First trial for potential Covid-19 drug shows it has no effect

WHO draft put online states remdesivir does not benefit severe coronavirus patients

Coronavirus latest: at a glance

Remdesivir, a drug thought to be one of the best prospects for treating Covid-19, failed to have any effect in the first full trial, it has been revealed.

The drug is in short supply globally because of the excitement it has generated. It is one of the drugs Donald Trump claimed was “promising”.

In a “gold standard” trial of 237 patients, some of whom received remdesivir while others did not, the drug did not work.

News of the failure was posted on a World Health Organization clinical trials database, but later removed. A WHO spokesman said it had been uploaded too soon by accident.

“A draft document was provided by the authors to WHO and inadvertently posted on the website and taken down as soon as the mistake was noticed. The manuscript is undergoing peer review and we are waiting for a final version before WHO comments,” said Tarik Jasarevic, a WHO spokesperson.

The drug, made by the US company Gilead Sciences, is an antiviral that was trialled in Ebola, but which failed to show benefits in Africa.

In the race for drugs that might work against Covid-19, many doctors have given remdesivir to patients on “compassionate grounds” without waiting for trials. Because of the interest in it, the world’s biggest trial of possible treatments for Covid-19 at Oxford has not been able to include it, because researchers could not obtain supplies.

The trial of the drug in China, on patients with severe Covid-19 symptoms, may give some doctors pause. Gilead, however, claimed there were still signs that it could be useful, possibly in patients with milder versions of disease.

In the trial, 158 patients were randomly assigned to be given remdesivir, while 79 others had standard care with a placebo instead. There was no difference between the groups with respect to recovery time. Just under 14% of those on remdesivir died, compared with nearly 13% of those not taking the treatment.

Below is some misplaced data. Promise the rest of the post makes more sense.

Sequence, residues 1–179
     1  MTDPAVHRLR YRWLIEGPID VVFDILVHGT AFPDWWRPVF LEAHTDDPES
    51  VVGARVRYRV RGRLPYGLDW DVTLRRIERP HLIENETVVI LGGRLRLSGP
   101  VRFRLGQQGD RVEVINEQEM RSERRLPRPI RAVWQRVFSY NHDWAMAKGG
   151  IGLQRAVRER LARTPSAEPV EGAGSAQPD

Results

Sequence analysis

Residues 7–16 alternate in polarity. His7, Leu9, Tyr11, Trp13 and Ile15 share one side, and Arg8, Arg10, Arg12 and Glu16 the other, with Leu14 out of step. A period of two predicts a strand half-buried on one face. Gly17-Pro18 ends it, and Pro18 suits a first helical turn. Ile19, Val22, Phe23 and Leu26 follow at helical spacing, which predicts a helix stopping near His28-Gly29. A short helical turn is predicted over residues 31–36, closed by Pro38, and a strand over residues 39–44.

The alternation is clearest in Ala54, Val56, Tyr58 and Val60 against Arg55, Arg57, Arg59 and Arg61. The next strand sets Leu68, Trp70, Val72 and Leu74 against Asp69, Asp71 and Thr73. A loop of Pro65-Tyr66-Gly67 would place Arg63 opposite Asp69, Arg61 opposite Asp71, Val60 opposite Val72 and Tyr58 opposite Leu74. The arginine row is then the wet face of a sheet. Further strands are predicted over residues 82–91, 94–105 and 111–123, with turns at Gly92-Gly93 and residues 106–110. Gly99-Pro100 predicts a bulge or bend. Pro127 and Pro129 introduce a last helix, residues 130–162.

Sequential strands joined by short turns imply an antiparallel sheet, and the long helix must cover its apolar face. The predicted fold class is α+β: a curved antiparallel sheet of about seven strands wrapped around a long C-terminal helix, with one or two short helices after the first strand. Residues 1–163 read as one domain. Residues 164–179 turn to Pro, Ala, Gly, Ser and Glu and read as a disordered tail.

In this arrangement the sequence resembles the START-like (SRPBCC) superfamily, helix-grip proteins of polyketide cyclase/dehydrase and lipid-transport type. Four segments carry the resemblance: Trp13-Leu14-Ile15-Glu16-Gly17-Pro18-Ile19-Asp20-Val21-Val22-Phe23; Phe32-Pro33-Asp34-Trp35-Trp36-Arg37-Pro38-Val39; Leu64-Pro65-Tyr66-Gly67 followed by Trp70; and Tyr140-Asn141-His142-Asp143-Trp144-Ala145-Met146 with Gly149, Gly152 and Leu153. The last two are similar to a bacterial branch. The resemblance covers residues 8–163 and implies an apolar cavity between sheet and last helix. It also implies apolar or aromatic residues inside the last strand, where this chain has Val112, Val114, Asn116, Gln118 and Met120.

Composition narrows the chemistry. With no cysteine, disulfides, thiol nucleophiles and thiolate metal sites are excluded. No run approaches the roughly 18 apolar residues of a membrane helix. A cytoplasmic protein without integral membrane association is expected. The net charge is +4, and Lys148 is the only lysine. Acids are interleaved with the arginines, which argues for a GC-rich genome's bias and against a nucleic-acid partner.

“In this study of hospitalised adult patients with severe Covid-19, [which] was terminated prematurely, remdesivir was not associated with clinical or virological benefits,” said the report on the WHO website.

The report added: “Remdesivir was stopped early in 18 (11.6%) patients because of adverse effects, compared with 4 (5.1%) in the control group.” There were no details in the short report of the side effects.

Just a week ago, it emerged that researchers in Chicago were excited by the results of a Gilead-run trial of remdesivir in 125 patients. Nearly all those people were discharged within a week, according to STAT News, which follows the pharmaceutical industry. However, there was no placebo group, which meant researchers could not be sure that it was the drug that made the difference, and not something else.

Remdesivir is one of a handful of drugs that have been enthusiastically backed by doctors and politicians as potential cures for Covid-19. There has also been a rush to give patients hydroxychloroquine, a less toxic version of the antimalarial chloroquine. That has led to shortages for people who need to take it for lupus, a disease that affects the immune system.